President Barack Obama does not deserve a second term, American voters say 49 – 43 percent, and he is in a statistical dead heat with possible Republican challengers Mitt Romney and Mike Huckabee, according to a
Romney, Huckabee, Palin and former House Speaker Newt Gingrich are bunched together when Republican voters are asked who they prefer for the GOP’s 2012 presidential nomination, the independent Quinnipiac (KWIN-uh-pe-ack) University survey finds.
In trial heats for 2012, former Massachusetts Gov. Romney receives 45 percent to 44 percent for Obama, while the president gets 46 percent to 44 percent for Mr. Huckabee. Matched against Indiana Gov. Mitch Daniels, a virtual unknown to most voters, the president leads 45 – 36 percent.
“At this point, former Alaska Gov. Palin runs the worst against President Obama. Daniels is essentially a generic Republican because of his anonymity to most voters. Obama only gets 45 percent against him while he gets 48 percent against Ms. Palin,” said Brown. “She is very unpopular among independents and although she recently said she thought she could defeat Obama, the data does not now necessarily support that assertion.”
In another potential blow to Obama’s re-election chances, his favorability rating has descended to a 48/48 split — and a 43/52 among independents. That deals a blow to what had been Obama’s best asset on the trail. Even when his performance approval slid badly this year, his personal favorables remained relatively strong. That no longer appears to be the case, and without that, it will take a big economic rebound to get voters to reassess Obama in 2012.
Interestingly, Obama only gets lukewarm support from his own party. Democrats surveyed in this poll said they didn’t want to see Obama challenged in a primary, but by a relatively unenthusiastic 64/27 split. That sounds overwhelming on most questions, but in this case it shows that more than a quarter of Democrats want their sitting President to potentially lose the party nomination for a second term. Less than two-thirds of them want to avoid that outcome. That’s not exactly a ringing endorsement of Obama’s incumbency by Democratic voters, and it points to another cycle of a wide enthusiasm gap in 2012 even in a presidential campaign.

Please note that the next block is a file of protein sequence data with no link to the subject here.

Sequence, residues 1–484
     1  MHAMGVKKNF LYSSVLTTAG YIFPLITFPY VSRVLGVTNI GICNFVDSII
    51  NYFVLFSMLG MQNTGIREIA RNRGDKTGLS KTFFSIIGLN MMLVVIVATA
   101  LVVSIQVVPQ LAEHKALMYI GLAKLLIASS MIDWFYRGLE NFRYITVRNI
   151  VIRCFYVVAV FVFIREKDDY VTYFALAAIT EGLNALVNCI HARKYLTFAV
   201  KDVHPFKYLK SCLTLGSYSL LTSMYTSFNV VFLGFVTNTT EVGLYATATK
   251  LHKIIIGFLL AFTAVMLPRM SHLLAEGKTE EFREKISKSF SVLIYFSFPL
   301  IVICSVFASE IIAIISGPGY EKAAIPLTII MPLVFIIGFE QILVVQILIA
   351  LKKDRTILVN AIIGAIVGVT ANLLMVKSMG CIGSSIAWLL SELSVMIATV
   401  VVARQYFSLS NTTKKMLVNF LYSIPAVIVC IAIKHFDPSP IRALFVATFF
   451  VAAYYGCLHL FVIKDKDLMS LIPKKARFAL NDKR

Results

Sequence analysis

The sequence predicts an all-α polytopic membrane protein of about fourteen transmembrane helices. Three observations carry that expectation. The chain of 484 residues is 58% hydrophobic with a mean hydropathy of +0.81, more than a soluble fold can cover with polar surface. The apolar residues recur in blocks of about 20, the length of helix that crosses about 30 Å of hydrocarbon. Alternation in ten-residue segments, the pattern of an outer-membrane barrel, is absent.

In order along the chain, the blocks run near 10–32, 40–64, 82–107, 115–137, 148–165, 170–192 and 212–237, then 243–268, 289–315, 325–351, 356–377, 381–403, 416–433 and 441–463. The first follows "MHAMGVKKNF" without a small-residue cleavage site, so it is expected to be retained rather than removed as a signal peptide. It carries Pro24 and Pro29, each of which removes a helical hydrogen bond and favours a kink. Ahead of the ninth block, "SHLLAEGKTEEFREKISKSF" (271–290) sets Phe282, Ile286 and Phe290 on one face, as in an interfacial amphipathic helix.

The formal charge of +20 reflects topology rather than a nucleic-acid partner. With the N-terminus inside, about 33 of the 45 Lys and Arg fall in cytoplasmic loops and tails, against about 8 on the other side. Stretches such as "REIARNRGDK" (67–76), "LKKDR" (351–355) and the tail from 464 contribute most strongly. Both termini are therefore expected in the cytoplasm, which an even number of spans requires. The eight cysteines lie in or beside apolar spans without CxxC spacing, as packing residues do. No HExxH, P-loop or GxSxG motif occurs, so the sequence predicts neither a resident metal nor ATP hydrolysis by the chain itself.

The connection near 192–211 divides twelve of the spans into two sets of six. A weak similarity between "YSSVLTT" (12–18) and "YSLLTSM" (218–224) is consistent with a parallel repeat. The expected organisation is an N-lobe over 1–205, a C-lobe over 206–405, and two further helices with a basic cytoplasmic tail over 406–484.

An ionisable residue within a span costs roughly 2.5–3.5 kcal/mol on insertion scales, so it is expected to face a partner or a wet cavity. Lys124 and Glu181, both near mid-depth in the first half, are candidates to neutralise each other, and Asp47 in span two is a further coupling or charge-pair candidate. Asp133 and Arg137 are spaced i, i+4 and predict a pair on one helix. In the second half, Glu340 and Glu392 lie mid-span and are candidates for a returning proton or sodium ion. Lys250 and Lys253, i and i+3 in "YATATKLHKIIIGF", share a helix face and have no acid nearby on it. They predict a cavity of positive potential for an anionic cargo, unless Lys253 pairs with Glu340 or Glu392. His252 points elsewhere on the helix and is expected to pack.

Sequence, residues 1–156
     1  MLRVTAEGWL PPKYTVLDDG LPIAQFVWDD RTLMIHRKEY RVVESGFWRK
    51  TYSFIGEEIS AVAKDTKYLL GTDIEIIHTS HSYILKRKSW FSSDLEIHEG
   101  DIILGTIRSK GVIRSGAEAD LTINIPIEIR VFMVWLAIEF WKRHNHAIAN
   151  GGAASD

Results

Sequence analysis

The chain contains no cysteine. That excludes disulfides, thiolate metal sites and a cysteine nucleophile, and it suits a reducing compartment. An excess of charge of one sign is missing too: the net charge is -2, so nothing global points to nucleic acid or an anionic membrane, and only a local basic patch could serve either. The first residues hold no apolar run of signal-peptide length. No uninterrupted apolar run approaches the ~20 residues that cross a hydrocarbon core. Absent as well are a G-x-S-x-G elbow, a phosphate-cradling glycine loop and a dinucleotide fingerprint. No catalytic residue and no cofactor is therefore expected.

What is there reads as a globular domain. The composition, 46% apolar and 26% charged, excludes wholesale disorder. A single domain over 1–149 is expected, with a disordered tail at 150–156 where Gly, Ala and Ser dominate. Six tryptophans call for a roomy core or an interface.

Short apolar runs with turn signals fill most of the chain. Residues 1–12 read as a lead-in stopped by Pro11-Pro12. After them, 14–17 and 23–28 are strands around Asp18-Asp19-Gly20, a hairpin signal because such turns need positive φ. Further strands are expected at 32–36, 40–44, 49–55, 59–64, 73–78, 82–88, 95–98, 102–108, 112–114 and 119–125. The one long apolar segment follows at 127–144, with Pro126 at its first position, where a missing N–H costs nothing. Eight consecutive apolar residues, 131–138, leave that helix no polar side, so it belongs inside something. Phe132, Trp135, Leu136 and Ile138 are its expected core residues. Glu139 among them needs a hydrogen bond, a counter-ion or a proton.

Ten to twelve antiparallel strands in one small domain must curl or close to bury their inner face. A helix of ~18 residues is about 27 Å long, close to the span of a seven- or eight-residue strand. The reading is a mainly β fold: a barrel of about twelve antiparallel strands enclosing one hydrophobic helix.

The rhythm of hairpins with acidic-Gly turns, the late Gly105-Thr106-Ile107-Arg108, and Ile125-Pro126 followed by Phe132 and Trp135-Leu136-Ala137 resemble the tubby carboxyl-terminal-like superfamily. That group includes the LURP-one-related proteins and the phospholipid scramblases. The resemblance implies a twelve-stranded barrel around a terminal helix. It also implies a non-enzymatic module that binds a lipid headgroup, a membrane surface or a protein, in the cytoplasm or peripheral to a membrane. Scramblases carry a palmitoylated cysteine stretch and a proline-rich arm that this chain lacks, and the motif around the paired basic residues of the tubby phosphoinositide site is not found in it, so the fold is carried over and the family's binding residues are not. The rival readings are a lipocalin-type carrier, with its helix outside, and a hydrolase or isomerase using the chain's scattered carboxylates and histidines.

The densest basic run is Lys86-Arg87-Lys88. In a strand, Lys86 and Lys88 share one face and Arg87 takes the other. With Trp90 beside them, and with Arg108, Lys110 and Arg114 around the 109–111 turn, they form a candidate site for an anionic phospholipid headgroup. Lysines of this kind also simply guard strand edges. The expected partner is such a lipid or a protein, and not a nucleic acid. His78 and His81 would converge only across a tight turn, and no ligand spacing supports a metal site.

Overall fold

However, it’s still far too early to count Obama out. Americans tend to re-elect Presidents, even those who have popularity issues within their own party, and two years is a long time. If the economy catches fire and jobless declines sharply over the next year, Obama could easily rebound to win a second term. Unfortunately for Obama, it will take the kind of economic policies he opposes to enable that kind of explosive growth in the next year, when it counts — lower taxes, reduced regulation, and deep cuts in federal spending to stabilize the nation’s monetary policy. Republicans in the House could actually deliver these policies, and if the Senate and Obama don’t get in the way of them, Democrats and Obama could realize their benefit. Don’t entirely dismiss Obama’s instinct for political survival.
In the same vein, the head-to-head matchups in this poll don’t mean much at all. Voters haven’t had an opportunity to see any of these candidates in campaign mode for the current environment. Their eventual head-to-head potential won’t be known until the end of 2011, after a year of explicit campaigning and some defining moments in debates. We still don’t really know the full roster of candidates yet, for that matter. The only real indicative value in these poll questions is the weak support Obama gets against any of them, and his inability to muster a 50% rating from a pool of registered voters in any GOP matchup. The likely voter results, if a likely-voter model for 2012 could be derived at the moment, would probably show Obama doing significantly worse.